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Fox & Grapes

What was once a locals’ local has morphed into an altogether more gentrified outpost, still skirted by the wild tumble of Wimbledon Common. Ramblers and their dogs might hole up at the bar, but they’re a little sidelined by the influx of diners nestled into spruced-up leather upholstery, brogues tip-tapping on the parquet flooring. The Fox & Grapes was opened under the watchful eye of Claude Bosi (of Hibiscus fame) in early 2011, and has established itself as the go-to pub for south-west Londoners craving Michelin-style sparkle. Claude’s brother, Cedric, heads day-to-day operations, while Julian Ward runs the kitchen. The menu flashes a certain Brit-infused charm, with its Herefordshire snails, Cornish pollack and Wye Valley asparagus. It’s easy to have a fine meal here, but less so a truly exceptional one, which, at these prices, matters. Guinea fowl breast was robust enough but served with over-salted saffron linguini. Fisherman’s pie was more of a treat, piping hot in the skillet but lacking clout. Steaks are a speciality and tucking into the 28-day-aged ribeye should satisfy ardent carnivores. In short, this operation knows its market – high-end foodies – but doesn’t always deliver.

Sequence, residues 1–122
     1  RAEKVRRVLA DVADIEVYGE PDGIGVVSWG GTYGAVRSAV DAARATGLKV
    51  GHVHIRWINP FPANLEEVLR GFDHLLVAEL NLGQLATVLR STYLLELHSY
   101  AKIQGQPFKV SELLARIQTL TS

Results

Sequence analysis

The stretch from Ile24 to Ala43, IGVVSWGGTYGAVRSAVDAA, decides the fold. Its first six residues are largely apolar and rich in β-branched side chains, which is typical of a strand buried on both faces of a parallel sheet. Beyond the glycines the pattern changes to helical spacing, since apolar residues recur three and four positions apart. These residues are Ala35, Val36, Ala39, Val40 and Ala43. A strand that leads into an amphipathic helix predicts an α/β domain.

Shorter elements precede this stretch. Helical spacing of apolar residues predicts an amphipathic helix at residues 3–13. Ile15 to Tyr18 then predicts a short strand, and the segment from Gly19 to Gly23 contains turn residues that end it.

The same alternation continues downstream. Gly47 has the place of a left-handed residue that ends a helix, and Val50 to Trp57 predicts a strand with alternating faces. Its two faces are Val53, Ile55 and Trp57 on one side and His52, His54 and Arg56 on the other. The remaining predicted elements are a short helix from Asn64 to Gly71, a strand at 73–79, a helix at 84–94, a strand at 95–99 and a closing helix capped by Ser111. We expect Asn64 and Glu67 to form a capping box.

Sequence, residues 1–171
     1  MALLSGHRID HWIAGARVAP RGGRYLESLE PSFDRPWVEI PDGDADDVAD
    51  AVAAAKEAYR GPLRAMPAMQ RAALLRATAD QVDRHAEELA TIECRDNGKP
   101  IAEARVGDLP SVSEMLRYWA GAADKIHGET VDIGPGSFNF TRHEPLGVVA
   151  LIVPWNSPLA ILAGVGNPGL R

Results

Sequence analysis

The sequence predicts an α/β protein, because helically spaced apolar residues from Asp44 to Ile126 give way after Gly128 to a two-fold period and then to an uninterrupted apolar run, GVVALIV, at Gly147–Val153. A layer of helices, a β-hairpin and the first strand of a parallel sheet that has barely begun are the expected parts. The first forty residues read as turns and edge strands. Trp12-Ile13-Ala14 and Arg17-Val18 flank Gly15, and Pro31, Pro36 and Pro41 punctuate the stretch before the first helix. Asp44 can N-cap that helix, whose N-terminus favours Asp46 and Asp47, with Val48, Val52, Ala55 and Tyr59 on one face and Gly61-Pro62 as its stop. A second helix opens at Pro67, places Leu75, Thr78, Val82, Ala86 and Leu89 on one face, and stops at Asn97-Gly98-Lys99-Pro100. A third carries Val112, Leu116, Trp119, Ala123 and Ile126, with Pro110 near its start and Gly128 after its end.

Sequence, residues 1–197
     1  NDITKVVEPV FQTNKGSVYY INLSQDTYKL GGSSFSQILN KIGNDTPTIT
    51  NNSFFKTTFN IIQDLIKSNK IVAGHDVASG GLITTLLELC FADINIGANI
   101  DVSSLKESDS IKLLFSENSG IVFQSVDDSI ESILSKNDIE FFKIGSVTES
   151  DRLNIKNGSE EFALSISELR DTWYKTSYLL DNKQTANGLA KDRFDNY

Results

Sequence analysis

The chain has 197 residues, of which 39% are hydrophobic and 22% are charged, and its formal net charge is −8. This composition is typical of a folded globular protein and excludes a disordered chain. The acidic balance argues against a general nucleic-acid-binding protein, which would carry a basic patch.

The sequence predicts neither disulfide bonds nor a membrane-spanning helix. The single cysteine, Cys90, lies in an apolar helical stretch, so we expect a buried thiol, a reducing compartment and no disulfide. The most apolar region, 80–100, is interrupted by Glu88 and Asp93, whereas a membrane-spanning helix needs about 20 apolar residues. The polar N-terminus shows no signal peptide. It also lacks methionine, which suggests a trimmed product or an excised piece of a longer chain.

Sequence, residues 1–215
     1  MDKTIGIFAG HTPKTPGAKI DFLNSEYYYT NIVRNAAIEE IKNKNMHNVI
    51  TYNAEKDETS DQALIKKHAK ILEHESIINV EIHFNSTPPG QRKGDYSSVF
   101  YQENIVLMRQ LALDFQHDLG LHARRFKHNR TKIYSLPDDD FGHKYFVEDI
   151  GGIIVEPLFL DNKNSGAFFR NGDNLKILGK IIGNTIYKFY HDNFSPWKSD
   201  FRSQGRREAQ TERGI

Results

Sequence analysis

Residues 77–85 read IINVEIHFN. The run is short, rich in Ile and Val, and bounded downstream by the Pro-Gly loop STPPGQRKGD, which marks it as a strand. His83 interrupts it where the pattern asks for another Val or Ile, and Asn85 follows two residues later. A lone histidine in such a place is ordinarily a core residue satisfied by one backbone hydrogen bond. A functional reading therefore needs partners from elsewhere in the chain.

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  • 3 out of 5 stars
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  • 2 out of 5 stars
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Bars and pubs

Sultan